Nis, Serbia

Nis

Niš is one of the oldest cities in the Balkans and it is the third largest in Serbia and the capital of the Nišava District with about 250,000 inhabitants. It is located in southern Serbia, at the crossroads of the most important Balkan and European routes connecting Europe with the Middle East. Here, the main road, forks southward via the South Morava-Vardar valley (towards Thessaloniki and Athens), while the east road, once known as Via Militaris or Constantinople Road, runs through the Nišava-Marica valley towards Sofia, Istanbul and the Middle East.

The wider area around Niš has been inhabited since the Neolithic and early Bronze Age. The Celts, who lived here in pre-Roman period, named the town Naissus (City of the Nymphs). In Roman times, Niš was a powerful military stronghold in which one of the greatest Roman Emperors Flavius Valerius Constantinus, better known as Constantine the Great, was born in 274. The city became an important economic, military and administrative centre under his rule.

Stefan Nemanja, the Serbian Grand Prince, captured Niš in 1183. After meeting German Emperor Frederick Barbarossa in 1189, he formed an alliance against the Byzantine Empire. Turks captured Niš in 1386. Niš began its modern development after it was liberated from the Turks in 1878 and became the centre of the Serbian government and the seat of the National Assembly of Serbia in 1914.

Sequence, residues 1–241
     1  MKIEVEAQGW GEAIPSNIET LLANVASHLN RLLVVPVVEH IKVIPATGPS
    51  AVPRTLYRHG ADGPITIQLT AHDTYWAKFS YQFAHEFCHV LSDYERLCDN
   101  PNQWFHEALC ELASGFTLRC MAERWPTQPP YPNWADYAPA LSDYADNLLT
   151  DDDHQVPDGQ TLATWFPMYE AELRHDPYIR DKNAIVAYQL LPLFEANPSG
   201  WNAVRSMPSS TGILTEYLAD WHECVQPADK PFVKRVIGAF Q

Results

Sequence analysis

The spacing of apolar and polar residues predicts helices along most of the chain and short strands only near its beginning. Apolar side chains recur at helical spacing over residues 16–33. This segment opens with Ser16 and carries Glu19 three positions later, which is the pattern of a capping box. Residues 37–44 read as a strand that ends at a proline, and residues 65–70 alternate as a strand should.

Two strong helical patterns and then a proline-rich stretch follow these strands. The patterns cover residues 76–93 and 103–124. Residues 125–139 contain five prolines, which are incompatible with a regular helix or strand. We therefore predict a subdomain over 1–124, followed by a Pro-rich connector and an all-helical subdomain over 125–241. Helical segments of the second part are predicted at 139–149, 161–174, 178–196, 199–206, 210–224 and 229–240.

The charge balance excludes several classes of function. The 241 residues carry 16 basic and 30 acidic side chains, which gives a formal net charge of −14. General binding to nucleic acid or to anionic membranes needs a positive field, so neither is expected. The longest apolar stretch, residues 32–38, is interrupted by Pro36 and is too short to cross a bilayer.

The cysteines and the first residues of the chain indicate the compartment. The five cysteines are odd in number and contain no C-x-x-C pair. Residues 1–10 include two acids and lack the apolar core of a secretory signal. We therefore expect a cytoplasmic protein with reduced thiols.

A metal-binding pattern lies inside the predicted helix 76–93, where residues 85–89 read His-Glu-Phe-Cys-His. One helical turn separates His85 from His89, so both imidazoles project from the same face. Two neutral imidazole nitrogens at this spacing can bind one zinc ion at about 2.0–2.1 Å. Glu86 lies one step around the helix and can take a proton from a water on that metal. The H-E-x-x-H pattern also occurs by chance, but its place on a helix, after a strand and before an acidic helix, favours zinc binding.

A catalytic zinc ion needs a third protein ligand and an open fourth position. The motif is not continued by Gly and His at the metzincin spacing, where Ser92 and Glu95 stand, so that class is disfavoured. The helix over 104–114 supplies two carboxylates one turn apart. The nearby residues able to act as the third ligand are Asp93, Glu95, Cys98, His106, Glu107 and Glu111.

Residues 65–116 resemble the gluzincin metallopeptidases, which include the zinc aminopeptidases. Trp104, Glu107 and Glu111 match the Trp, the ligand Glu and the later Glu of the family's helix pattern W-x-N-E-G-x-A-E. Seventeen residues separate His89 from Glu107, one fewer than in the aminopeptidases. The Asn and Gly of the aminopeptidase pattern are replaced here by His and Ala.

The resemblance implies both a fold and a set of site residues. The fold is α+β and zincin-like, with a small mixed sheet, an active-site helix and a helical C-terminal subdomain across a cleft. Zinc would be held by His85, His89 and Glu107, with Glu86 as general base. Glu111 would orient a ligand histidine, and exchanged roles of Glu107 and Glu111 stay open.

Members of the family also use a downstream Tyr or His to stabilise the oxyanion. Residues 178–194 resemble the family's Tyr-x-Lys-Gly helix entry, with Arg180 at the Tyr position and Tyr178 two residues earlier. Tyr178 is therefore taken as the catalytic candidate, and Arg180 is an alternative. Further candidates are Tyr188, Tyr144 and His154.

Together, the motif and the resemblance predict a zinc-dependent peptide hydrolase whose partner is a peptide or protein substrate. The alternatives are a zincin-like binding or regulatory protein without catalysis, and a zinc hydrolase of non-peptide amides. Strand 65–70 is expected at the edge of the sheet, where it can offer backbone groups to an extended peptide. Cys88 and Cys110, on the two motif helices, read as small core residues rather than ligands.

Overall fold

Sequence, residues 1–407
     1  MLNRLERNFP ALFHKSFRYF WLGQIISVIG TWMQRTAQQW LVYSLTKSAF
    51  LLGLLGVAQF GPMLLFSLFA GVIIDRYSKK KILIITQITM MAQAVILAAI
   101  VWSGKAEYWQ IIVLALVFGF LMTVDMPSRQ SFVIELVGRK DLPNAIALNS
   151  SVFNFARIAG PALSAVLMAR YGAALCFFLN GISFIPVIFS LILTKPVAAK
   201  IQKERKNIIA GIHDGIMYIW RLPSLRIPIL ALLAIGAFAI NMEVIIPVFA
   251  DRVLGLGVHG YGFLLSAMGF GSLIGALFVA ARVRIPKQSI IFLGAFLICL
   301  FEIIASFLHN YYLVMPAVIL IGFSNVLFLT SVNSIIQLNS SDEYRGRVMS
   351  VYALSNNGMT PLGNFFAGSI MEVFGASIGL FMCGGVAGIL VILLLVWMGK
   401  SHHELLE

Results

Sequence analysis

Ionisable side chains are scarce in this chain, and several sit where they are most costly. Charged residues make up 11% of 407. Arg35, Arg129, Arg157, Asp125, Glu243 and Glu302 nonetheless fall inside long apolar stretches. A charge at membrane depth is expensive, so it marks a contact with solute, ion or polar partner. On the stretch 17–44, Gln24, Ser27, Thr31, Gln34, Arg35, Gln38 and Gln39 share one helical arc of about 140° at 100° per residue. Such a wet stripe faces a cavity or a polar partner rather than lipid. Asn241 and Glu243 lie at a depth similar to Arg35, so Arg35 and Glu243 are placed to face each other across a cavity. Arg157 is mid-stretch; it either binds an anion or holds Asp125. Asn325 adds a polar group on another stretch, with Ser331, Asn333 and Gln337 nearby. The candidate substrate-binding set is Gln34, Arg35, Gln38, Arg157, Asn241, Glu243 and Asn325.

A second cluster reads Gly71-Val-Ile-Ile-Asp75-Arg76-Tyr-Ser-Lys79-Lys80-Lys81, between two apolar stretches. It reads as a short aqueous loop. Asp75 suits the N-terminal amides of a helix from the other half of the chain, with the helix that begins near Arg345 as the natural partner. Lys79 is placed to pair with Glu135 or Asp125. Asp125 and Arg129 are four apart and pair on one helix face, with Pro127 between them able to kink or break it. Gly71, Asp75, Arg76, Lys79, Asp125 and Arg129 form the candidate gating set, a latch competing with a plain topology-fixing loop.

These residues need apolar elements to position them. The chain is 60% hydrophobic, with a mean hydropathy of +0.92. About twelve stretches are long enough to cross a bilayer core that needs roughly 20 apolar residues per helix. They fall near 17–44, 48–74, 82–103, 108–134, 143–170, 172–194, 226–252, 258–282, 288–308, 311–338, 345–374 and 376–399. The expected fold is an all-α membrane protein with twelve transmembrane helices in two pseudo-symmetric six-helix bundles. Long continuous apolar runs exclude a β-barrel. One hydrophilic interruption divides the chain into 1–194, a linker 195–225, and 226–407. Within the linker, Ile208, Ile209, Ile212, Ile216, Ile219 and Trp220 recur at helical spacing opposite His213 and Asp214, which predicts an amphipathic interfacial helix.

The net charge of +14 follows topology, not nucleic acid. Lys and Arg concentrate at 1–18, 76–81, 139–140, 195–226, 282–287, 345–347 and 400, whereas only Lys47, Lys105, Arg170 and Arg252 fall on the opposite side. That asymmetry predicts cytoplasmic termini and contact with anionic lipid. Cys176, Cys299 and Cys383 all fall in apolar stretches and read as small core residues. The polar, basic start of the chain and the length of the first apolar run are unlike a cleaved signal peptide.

The most important cultural and historical attractions in Niš are the Mediana – a large 4th-century Roman estate; Niš Fortress – the best-preserved Turkish fortress in the central Balkans, built in 1723 and containing the remains of Roman Naissus in its foundations; the Skull Tower (Ćele Kula); Čegar, where a monument stands on the site of the battle between Serbs and the Turks; the Monument to the Liberators of Niš – erected in 1937 in memory of the fight for the liberation of Niš; the Red Cross Camp – a Nazi concentration camp; and Bubanj Memorial Park – one of the largest Second World War execution sites in Serbia.

The places to see in  Niš  surroundings include Sićevačka Klisura gorge – a 16 km-long protected natural feature with rare plants and animals; Jelašnička Klisura gorge – a special 2 km-long nature reserve with waterfalls; the Bojanine Vode holiday resort with winter sports facilities; and Cerjanska Pećina cave, 4 km long, with spacious chambers beautifully decorated in cave formations.